Dreamy South Africa. The breathtaking views and changing scenery. With its history and alluring destinations, South Africa is bound to be on any travelers list. It is the southernmost country in Africa whose population is 80 percent Sub-Saharan African ancestry speaking more than a dozen different languages. One of the most developed countries in all of Africa, it is partly bordered with the open waters of the Indian and South Atlantic Ocean.
South Africa has the largest population of people of Indian descent in the continent. Majority of them lives in the city of Durban, many of which are great-grandchildren of the original Indian migrants from colonial India who, in 1860’s, came to South Africa. For a long time, the history of Indians in South Africa was that of shame, as the first Indians to come were indentured labourers. That is, agreeing to work for a number of years to learn a skill, for which they were paid next to nothing. Then came apartheid which didn’t make matters any better for them.
Now, with new available technology and more intensive research plus access to records, people can look up where they originally came from and not just stop at when the ships came to South Africa with the first Indians. They can be more than what indenture and apartheid for a long time has limited them to. They are able to learn of where they really came from and trace their heritage.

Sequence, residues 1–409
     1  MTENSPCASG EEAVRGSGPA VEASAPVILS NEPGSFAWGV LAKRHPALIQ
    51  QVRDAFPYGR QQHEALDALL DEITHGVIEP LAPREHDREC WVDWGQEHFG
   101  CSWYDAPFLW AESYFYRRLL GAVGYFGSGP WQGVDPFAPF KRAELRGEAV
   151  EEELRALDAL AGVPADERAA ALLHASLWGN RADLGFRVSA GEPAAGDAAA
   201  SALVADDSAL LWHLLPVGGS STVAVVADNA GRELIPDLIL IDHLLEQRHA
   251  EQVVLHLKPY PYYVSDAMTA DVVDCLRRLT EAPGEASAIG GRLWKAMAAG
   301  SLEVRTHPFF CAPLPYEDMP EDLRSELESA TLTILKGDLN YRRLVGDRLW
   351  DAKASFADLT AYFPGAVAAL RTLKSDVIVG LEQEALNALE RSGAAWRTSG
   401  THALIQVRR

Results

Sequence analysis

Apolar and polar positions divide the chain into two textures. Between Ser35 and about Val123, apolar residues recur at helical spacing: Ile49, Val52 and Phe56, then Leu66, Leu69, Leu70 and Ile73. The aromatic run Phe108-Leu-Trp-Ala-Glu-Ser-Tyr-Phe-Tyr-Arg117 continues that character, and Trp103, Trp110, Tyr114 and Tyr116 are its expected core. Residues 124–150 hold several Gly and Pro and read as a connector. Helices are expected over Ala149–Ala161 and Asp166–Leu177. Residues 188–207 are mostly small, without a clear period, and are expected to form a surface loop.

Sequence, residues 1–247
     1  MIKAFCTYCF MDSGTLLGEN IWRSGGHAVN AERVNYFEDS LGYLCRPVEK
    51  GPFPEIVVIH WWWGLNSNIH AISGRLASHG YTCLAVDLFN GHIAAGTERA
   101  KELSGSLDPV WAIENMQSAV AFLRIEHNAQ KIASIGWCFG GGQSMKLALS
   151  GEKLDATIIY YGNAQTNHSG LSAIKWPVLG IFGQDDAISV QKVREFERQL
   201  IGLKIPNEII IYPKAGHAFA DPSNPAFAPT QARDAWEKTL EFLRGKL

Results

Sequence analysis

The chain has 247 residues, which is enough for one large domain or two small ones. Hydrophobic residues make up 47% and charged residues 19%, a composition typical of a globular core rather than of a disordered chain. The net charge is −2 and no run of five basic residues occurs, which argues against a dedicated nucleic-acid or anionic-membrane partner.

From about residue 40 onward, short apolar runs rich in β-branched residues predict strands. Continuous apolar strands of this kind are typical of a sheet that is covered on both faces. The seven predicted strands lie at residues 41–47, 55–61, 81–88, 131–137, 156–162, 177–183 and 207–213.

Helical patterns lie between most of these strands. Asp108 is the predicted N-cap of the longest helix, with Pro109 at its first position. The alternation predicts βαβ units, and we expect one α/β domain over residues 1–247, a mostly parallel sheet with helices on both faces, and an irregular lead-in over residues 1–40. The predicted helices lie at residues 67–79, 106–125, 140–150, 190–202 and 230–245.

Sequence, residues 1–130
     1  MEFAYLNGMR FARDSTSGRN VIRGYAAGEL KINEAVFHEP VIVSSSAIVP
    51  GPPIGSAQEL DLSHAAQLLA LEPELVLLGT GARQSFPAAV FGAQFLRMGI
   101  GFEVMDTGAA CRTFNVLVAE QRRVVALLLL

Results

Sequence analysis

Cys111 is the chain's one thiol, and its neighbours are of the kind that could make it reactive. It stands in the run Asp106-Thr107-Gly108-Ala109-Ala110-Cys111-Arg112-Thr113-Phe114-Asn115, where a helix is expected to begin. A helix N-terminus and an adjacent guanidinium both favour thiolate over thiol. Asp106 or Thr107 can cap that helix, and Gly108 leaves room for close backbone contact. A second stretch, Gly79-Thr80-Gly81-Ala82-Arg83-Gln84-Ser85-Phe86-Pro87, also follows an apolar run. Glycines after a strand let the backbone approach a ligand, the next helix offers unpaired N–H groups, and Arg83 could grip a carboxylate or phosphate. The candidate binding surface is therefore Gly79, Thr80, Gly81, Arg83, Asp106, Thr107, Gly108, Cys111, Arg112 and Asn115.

The South African Indian diaspora has changed with history. The majority of us came as indentured labourers. Colonialism was the first thing we grew as part of. When indenture was abolished, there was apartheid. So we grew with apartheid. We lived under the apartheid regime, not as a white population; we were seen as part of the black population. A lot of us still remember the time when there was no equality.
It’s only after Nelson Mandela was elected as president (in 1994) that South African Indians saw themselves as a diaspora that is not part of some horrible subjugation in history. – Zainab Priya Dala, speaking with Quartz
From this they can decide to be what they once were looking their roots up and developing to what they envision their futures to be. As bleak as their past was, South African Indians have managed to hold on to their roots, but barely. Their religion, language and their cuisine in particular have stayed true to their origins. People are developing a liking to these flavours as can be observed in most South African grocery stores, whose shelves are lined with elements and ingredients of the typical curry and other Indian specialties.
South Africa by large is on the upswing and it continues to be so in the foreseeable future. After all it has been through, it is undergoing a social transformation and a definite plan at creating a better future for everyone.